• The course should introduce students who will become graduate students) do not expect (and may even refuse to
testing toolsmiths or test architects to the art of believe all the way through the final exam), that a testing
designing and creating reliable test tools. course could require them to write clean, working,
• The course should give students some practice in soft demonstrably solid code. Even though they have Java
skills, especially teamwork and presentations. coursework in their background, these students are
• The course should incent students to create high- overwhelmed by the programming requirements.
quality artifacts that they can show off during job Students who are not motivated programmers can find
interviews. a multitude of excuses for not getting work done. If we
ask them to use a new (to them) programming
4. Challenges and Tensions environment (such as Eclipse), a new tool (such as Ward
Cunningham's Framework for Integration Testing (FIT) 3)
Our general approach to course development is an or a new language (such as Ruby), we can expect some
evolutionary one: students to complain that it cannot be installed or run on
• We give an easy course the first year. This their platform, that its documentation is unusable, and
compensates for the instructional blunders (confusing therefore that it is not their fault that they aren't making
readings, lectures, examples, etc.) that make the course progress. This problem will resolve itself over time as the
unintentionally harder. It also compensates for mis- course gains a no-nonsense reputation at Florida Tech, but
enrollment. The new course has no reputation. Some until then, some of our decisions are defensive, damage
students won't realize what they've gotten into until it is controllers that will protect our time by preempting
too late to drop the course. This is a particular problem common excuses.
for non-American students at Florida Tech. Dropping
below 9 semester units can trigger Homeland Security 5. Course Implementation
interest in a visa student and so some students will
doggedly stick with a course when it is too late to The three instances of the course have shared some
replace an inappropriate course with an alternative. Our common elements:
preference as teachers is to work with the people in the • The course is a 3-credit one-semester (16 week) course.
room, helping them grow, rather than persevering with We offer it to upper-level undergraduates and graduate
a plan more appropriate to a different group. Our view students who have completed coursework in black box
of the optimal feel of a new course is as a shared software testing and Java programming.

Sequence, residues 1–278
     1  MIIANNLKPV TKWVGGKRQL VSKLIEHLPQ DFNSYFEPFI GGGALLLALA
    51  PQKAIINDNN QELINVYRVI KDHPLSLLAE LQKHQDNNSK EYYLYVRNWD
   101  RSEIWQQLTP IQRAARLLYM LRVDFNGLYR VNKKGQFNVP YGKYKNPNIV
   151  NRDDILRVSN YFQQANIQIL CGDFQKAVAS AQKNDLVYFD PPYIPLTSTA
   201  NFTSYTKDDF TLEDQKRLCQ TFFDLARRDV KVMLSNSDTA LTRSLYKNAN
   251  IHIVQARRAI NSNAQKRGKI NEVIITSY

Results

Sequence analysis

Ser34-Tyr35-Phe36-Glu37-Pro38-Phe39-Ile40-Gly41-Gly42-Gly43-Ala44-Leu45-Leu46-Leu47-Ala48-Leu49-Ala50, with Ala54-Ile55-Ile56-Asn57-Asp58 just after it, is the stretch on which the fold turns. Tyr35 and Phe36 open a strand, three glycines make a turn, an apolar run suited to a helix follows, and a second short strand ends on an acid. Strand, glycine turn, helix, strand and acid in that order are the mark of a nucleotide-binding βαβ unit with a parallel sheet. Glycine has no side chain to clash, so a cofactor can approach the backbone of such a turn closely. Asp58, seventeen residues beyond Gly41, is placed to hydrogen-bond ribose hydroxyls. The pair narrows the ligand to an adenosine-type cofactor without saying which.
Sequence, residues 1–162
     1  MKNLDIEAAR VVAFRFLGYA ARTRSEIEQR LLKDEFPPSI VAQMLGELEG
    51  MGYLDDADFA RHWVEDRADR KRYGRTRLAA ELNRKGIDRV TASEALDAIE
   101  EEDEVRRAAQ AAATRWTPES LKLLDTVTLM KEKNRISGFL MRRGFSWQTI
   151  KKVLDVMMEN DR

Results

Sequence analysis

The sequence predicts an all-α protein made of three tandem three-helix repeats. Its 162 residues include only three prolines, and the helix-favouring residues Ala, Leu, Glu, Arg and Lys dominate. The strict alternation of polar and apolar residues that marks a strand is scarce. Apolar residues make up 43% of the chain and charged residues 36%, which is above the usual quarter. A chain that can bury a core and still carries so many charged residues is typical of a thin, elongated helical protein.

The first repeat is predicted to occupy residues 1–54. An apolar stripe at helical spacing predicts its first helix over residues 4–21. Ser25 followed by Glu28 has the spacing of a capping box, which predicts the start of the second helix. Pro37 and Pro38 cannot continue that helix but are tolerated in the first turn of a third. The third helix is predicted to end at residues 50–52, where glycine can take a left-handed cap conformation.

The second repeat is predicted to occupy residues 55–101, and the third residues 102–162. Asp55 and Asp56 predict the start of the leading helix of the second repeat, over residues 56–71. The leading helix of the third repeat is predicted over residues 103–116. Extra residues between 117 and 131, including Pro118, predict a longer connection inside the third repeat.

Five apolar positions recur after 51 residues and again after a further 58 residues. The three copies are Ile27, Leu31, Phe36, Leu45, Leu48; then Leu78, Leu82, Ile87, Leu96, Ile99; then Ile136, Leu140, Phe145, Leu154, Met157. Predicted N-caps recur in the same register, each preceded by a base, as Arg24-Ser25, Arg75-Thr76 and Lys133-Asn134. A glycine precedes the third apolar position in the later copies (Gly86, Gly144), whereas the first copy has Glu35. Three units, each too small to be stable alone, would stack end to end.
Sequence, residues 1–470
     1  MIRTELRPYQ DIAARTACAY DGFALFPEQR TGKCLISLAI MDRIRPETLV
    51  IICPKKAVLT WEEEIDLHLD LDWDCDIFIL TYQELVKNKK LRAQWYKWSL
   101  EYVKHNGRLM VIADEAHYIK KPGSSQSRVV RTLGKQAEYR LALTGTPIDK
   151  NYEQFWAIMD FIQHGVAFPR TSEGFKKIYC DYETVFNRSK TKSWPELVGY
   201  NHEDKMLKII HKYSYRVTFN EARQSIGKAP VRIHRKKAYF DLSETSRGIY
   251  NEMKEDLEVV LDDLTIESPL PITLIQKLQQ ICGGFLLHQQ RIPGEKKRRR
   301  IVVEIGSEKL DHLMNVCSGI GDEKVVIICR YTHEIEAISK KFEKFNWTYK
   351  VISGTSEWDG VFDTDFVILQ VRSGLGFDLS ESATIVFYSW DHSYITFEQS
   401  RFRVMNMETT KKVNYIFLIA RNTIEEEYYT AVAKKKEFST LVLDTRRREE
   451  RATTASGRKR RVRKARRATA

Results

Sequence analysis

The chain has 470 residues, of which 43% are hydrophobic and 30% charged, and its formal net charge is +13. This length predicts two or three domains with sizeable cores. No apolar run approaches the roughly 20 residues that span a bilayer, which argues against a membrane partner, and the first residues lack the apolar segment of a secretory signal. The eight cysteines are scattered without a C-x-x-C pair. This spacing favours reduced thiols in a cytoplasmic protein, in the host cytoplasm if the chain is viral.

experiment in which a willingness to try new things is • Classes are in a teaching lab with at least one computer
more important than getting everything right. per student.
• The second iteration is better organized and more • Students were encouraged, but not required, to work on
demanding than the first, but still transitionary. We assignments in pairs and co-submit a single piece of
should be able to prevent or control many of the
problems that came up the first time, but expect there 3
work. Getting two college students in the same place at 5.1. Spring 2003
the same time was sometimes challenging (see also [9,
14, 15]), but most students resolved these challenges Seven students took the first course. All had been
fairly easily. successful in Testing 1 (which many students find
• Students were required to submit their own tests and difficult) but their programming skills and confidence
exams. They could not collaborate in any way on the ranged from first-rate to minimal.
midterm. The final exam was an open book take-home We started with a brief look at differences between
exam, and they could consult any source, including black box and programmer-testing approaches—
other people. Students were required to submit programmer tests are typically simpler, confirmatory in
individual exam solutions, showing independent intent (designed to verify expected functioning rather than
coding, and to acknowledge the people they consulted. hunt for bugs), narrower in focus, and more tied to the
• Students were encouraged, but not required, to make details of the code than to a usage scenario. These tests
in-class presentations of their work. We awarded bonus are rarely very powerful, but a good collection of them
points for presentations, and in the second and third provides a unit-level regression test suite that the
iterations, we ran collegial contests (students vote) for programmer can run every time she changes the code. The
some groups of presentation (such as funniest tests serve as change detectors, raising an alert that a
application, tightest implementation, clearest tested assumption was invalidated or violated by added
implementation) and gave prizes. code. An extensive unit test library provides powerful
• Several days involved student presentations or support for refactoring  and later code maintenance
discussion / coaching associated with the current (bug fixes or additions to existing functionality). It also
project rather than prepared lecture. provides examples—unit tests—that show how the units
• There was a relatively simple in-class mid-term exam work in detail. This is an important, concrete
intended to test student understanding of basic communication with future maintainers of the code. Test-
concepts. driven development also provides a structure for working
• Apart from polishing the wording, we used the same from examples, rather than from an abstraction. Many